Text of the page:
How to Avoid Jet Lag.
With the holiday season officially here, travel is bound to have us feeling a little less than our best. And let's be real - we all love to travel. That much is clear considering how obsessed our generation is with quotes like, "Wander where the wifi is weak." However, the one thing we could all do without is dreaded jet lag. Why? Because ain't nobody got time for that. Literally. The exhaustion of timezone tiredness is so not the business, especially when it can take our body's internal clocks several days to catch up to the leap in time zones.
With all of that in mind, here are my favorite tips for avoiding jet lag:
Pick your seat carefully.
First class or business is always optimal because the seats can recline back and allow you to relax more than you would in coach. However, if economy is your only option, opt for the exit row seat or a seat with extra leg room. You'll be able to stretch out a teensy bit more which can make all the difference during a long flight. Avoid the back of the plane if possible - you're more likely to feel the bumps and turbulence the closer you are to the plane's tail. Also, steer clear of areas that have heavy traffic like the seats near the bathrooms.
Adjust your internal clock.
Our bodies are designed to do certain things at a certain time. For example, in a 24-hour period, we have to eat and sleep. Having changes in our schedule make it harder for us to adjust to a new time zone though. Start shifting your sleeping and eating times to match those of your destination several days before your trip and you'll be significantly better off. If you're flying east, try to move your bedtime earlier and if you're flying west, push your time later.
Get a good night's sleep before you fly.
Turn in around your normal bedtime before a flight and you'll be on your way to feeling more bright-eyed and bushy-tailed. Fight off the nerves or pre-flight anxiety by taking a warm bath. The hot water will help to lower your body temperature and put you in a more relaxed state of mind.
Don't stop for coffee or caffeine.
I know, I know. You can't live without an iced mocha latte in the mornings. You're not you without a cup of coffee in your hand. I get it. Caffeine can keep you awake longer and make you wake up more often though. Hold off from the caffeine if you can.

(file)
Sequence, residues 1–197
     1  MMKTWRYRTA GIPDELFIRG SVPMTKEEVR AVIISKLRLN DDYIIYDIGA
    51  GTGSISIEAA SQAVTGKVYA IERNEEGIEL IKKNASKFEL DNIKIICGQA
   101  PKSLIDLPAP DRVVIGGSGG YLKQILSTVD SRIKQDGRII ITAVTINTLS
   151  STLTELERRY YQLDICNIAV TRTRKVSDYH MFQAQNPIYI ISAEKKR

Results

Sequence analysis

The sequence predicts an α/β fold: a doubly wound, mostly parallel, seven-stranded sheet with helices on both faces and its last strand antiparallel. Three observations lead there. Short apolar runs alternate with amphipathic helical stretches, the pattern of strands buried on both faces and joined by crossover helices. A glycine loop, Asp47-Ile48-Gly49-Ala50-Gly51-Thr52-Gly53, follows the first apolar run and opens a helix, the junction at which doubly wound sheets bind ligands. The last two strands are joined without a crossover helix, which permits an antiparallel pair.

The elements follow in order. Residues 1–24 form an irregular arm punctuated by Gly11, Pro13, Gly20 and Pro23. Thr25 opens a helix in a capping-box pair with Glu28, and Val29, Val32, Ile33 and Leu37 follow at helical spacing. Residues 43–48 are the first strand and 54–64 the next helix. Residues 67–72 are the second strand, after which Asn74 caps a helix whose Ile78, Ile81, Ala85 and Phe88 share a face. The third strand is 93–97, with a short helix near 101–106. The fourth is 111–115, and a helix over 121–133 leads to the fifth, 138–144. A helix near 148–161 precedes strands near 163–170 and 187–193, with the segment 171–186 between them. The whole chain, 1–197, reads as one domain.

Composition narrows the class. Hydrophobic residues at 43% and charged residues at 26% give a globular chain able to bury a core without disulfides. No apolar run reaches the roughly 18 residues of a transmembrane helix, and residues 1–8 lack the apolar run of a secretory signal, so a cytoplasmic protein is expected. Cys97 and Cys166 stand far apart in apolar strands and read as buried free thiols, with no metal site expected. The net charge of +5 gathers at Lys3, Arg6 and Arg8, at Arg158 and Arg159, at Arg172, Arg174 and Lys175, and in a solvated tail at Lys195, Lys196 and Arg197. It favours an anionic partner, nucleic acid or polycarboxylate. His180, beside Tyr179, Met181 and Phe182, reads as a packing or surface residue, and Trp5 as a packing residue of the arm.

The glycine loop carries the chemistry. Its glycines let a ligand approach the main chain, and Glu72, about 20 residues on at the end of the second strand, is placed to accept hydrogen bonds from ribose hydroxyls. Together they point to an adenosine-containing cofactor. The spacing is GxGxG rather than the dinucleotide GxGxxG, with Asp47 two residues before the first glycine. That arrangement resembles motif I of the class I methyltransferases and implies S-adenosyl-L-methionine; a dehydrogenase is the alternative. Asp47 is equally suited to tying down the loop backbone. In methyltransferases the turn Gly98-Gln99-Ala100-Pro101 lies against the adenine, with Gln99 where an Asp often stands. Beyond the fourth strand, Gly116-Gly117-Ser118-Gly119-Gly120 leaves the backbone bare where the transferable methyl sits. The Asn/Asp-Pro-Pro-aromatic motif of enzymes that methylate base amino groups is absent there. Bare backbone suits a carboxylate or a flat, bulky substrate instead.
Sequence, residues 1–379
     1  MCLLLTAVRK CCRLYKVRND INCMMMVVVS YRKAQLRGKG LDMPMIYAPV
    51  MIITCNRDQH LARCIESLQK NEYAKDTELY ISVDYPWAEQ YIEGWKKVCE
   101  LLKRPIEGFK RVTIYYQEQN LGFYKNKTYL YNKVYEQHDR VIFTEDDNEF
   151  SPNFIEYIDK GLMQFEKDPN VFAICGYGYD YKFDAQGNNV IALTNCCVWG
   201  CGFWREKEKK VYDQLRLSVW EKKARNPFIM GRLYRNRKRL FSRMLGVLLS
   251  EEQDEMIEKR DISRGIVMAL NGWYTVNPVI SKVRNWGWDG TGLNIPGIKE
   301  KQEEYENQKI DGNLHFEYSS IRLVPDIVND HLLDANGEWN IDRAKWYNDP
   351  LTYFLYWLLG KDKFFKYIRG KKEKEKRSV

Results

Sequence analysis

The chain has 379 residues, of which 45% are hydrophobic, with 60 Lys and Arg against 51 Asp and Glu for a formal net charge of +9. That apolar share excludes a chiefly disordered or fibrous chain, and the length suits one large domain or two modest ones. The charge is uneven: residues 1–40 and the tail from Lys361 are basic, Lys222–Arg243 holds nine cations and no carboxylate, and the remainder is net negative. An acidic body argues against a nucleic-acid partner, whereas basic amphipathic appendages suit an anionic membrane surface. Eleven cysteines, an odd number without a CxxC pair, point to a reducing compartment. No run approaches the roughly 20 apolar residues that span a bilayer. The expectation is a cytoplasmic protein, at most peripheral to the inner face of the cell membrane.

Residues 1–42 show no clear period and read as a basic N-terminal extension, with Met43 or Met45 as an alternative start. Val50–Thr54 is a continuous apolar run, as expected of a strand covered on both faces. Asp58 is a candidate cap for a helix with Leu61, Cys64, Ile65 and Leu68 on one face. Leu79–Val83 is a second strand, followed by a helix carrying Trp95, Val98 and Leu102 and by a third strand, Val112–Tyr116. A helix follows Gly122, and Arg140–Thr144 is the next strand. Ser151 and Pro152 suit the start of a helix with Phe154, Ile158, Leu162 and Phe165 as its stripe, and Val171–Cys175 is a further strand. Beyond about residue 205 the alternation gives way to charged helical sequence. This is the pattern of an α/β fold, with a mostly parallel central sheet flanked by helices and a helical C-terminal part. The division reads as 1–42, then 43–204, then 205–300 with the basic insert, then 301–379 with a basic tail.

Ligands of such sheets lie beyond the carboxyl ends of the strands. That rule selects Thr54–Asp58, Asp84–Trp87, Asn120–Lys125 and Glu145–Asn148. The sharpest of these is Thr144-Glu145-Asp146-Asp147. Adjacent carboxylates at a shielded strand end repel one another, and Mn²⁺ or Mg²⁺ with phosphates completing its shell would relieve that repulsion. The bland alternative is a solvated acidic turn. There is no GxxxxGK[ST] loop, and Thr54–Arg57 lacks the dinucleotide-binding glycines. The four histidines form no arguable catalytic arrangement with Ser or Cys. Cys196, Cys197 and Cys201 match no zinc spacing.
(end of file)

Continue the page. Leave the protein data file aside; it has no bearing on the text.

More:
Avoid the bar before take-off.
The temptation to kick off your holiday with a glass of wine may be strong, but the effects of alcohol while in the air is likely to cause dehydration and make you even more tired. A drink in the air is equivalent to three drinks on the ground!
Set your watch to the new time zone.
Changing the time is a small detail that will make a big difference in helping you get on your new schedule. Do it only when you're on the plane to avoid any timing debacles and late arrivals.
Drink more water.
Drinking lots of water is a fantastic way to offset the effects of jet lag. Cabin air dehydrates your skin and body when you're on the plane, so drink at least eight ounces of water for every hour that you're in the air. Your sleep and skin will thank you.
Take care with sleeping pills.
If you aren't familiar with it or any medication in general, a flight is not the best time to test it out. Some of them will leave you feeling groggy and even more tired than when you began.
Sleep on the plane only if it makes sense.
If it's daytime where you're flying, it may be a better choice to use the time to relax. For red-eye flights that are seven or eight hours, it's usually recommended that you settle in for a good sleep though. If that is the case, make sure to pack a sleep kit for yourself that includes an eye mask and ear plugs.
Spend some time outside.
Heading outdoors will help to rest the natural time clock of your body.
Buffer in relaxation time.
Say no to that morning meeting and give your body at least a few hours to adjust to your new surroundings.
While your body may be aching to take a nap, always try to stay awake as long as you can. I know, it's tough and the pillow is calling your name. Be strong, girl. You've got this. Staying awake and falling asleep roughly around your normal time will help to avoid jet lag tremendously though. This tip alone has helped me get on track with a new schedule in a different time zone.
With some careful planning, you'll be saying goodbye to jetlag and hello to a fun-filled time traveling in no time. What are your favorite tips and tricks for avoiding jet lag while traveling?